SHERIDAN — A photography exhibit at the SAGE Community Art Center, which will coincide with the Sheridan WYO Rodeo, celebrates Western traditions.

The exhibit displays 35 photographs from John “Grief” Hoskin, who documents scenes and moments he’s encountered while traveling the western United States.

“It’s an America you don’t see a lot of,” Hoskin said. “I’ve always liked the West and that’s where I’ve been is raised in the West — I’m not much interested in the East Coast.”

Hoskin’s photography documents a way of life he grew up with and that he fears is fading away. He’s always tried to capture images that were far from cities and highways, but he’s finding he has to travel farther to discover his subjects.

“I spent time with the horses and the cowboys — this is what I grew up with,” Hoskin said. “I was semi-ranch raised and around this lifestyle, and I just believe it’s a disappearing lifestyle.”

Yet, Wyoming abounds with the kinds of people and images Hoskin is drawn to, he said.

“The people in Wyoming have been friendly and opened up and given me the opportunity to take photography of their day-to-day life and scenes of the West that are disappearing,” Hoskin said.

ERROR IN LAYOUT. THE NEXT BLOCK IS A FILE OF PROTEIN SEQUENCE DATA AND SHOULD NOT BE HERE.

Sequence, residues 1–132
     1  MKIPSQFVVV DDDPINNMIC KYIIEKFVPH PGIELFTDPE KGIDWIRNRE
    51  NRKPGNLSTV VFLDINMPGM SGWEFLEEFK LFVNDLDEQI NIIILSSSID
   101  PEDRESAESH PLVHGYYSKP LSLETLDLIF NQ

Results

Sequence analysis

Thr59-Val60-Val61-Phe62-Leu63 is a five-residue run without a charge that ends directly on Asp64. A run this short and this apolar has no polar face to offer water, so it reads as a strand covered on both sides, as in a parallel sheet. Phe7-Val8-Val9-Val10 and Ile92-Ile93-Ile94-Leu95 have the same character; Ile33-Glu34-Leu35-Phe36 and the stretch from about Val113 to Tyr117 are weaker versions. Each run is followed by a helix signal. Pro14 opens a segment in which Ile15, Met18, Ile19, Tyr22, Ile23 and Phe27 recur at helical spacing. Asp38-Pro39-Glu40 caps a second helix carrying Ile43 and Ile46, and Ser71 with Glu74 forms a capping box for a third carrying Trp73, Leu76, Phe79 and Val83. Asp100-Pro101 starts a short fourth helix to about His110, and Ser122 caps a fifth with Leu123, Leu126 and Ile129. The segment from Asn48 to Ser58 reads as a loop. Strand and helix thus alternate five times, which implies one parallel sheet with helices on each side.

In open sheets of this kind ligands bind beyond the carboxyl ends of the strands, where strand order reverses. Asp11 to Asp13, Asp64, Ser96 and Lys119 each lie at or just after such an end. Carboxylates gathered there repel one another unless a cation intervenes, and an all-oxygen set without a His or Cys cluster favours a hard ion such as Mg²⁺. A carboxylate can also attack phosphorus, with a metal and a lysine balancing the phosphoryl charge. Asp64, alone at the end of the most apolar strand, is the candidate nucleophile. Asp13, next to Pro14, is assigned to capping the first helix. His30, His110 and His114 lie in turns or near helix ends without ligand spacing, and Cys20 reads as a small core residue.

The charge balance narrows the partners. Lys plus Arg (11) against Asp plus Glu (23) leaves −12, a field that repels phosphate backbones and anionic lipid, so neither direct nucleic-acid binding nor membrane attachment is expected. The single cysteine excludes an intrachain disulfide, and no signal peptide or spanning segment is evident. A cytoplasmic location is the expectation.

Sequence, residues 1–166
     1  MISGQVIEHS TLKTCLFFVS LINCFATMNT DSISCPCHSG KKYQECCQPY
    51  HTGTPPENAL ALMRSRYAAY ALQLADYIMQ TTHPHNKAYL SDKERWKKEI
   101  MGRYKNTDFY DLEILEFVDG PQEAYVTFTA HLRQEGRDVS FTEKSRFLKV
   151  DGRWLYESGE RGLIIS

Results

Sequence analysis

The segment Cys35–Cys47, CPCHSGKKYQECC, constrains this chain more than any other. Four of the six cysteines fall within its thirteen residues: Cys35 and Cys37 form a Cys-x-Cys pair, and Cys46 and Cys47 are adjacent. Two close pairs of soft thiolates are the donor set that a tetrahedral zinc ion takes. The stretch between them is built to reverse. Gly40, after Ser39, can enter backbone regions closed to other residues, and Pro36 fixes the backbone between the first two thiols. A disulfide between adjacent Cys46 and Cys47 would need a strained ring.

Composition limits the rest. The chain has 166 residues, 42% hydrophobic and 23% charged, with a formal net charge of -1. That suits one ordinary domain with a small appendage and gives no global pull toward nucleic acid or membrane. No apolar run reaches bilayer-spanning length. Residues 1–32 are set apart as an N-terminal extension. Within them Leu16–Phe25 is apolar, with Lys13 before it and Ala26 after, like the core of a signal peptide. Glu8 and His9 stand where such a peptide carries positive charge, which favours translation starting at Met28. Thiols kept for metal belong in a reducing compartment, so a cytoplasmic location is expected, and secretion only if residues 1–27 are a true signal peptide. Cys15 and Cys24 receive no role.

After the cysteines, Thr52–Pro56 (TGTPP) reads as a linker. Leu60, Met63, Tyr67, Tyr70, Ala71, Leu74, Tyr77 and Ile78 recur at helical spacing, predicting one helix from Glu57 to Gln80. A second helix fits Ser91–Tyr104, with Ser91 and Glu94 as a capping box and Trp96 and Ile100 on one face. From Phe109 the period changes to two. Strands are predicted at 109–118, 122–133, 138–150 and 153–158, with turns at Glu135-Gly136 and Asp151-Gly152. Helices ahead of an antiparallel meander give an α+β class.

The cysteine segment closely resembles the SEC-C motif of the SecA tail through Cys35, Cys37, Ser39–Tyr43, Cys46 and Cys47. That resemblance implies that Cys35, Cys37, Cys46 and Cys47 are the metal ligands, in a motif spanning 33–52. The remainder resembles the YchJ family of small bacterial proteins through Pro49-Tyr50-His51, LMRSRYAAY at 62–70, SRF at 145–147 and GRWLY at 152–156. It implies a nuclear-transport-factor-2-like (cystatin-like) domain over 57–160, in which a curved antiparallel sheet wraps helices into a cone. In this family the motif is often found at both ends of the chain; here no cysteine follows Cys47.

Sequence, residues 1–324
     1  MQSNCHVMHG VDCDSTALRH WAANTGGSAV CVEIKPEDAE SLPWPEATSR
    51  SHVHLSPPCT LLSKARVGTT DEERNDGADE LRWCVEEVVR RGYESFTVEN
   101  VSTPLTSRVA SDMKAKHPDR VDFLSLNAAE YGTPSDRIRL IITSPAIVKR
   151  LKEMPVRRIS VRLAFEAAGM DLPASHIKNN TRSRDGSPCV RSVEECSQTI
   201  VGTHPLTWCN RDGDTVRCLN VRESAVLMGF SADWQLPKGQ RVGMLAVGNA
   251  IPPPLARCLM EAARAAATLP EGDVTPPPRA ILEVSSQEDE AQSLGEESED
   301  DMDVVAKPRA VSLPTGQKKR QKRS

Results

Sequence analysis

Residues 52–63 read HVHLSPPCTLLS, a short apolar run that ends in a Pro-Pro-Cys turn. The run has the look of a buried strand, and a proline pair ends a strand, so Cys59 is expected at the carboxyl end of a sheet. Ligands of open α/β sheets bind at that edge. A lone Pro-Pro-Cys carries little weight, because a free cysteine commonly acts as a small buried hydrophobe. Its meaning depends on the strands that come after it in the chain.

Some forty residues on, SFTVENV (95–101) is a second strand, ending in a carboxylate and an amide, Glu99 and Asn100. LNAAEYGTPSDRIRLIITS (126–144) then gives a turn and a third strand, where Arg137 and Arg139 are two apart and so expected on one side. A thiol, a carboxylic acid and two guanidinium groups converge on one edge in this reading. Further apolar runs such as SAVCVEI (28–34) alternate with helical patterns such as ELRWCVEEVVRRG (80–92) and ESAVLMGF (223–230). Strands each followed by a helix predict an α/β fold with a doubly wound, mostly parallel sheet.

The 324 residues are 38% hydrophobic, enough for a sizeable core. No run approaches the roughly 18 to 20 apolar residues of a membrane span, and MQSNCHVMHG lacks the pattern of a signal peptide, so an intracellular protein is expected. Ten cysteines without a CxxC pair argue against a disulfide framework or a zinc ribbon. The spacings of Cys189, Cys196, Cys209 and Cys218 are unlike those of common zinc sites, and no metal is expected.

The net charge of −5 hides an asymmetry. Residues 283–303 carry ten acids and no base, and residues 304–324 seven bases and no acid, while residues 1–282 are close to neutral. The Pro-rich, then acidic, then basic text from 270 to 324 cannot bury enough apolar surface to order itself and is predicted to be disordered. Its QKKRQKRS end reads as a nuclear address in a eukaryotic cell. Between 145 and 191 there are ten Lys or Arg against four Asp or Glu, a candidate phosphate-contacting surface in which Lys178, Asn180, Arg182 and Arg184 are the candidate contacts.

“This has just been a very receptive state to my photography,” he added.

Outgoing SAGE Executive Director Kate Harrington said Hoskin’s photos are a natural fit for Sheridan in the summer, when aspects of that Western lifestyle are on full and lively display.

“We try to do something with a western theme during June and July,” Harrington said. “The rodeo brings a whole bunch of people to our town and they love to see western exhibits, we’ve found.”

Harrington said she immediately picked Hoskin as an artist she wanted to bring to SAGE when he submitted a picture to SAGE’s juried art show earlier this year. Aside from their subject matter, Harrington said she was fascinated by the style of Hoskin’s picture.

After taking a picture, Hoskin will digitally enhance it, heightening and blending colors, giving many of his pictures the look of paintings.

“I find his photographs completely unique,” Harrington said. “I haven’t seen another photographer use this process.”

Rodeos have always interested Hoskin and he said he plans to shoot outside of this year’s Sheridan WYO rodeo. But his interests, characteristically, aren’t on the main event.

“Rodeo is my favorite sport,” Hoskin said. “But it’s not so much the rodeo (that’s interesting), it’s the stories about the people and the ranchers and what they do.”

One of the photographs on display in the show, “Locker Room,” shows cowboys standing behind the chutes at the Sheridan WYO rodeo, preparing, taking off equipment and looking on. Hoskin said he’s looking for those kinds of images, moments at the margins of the action.

The show will remain on display at SAGE Community Arts until July 19.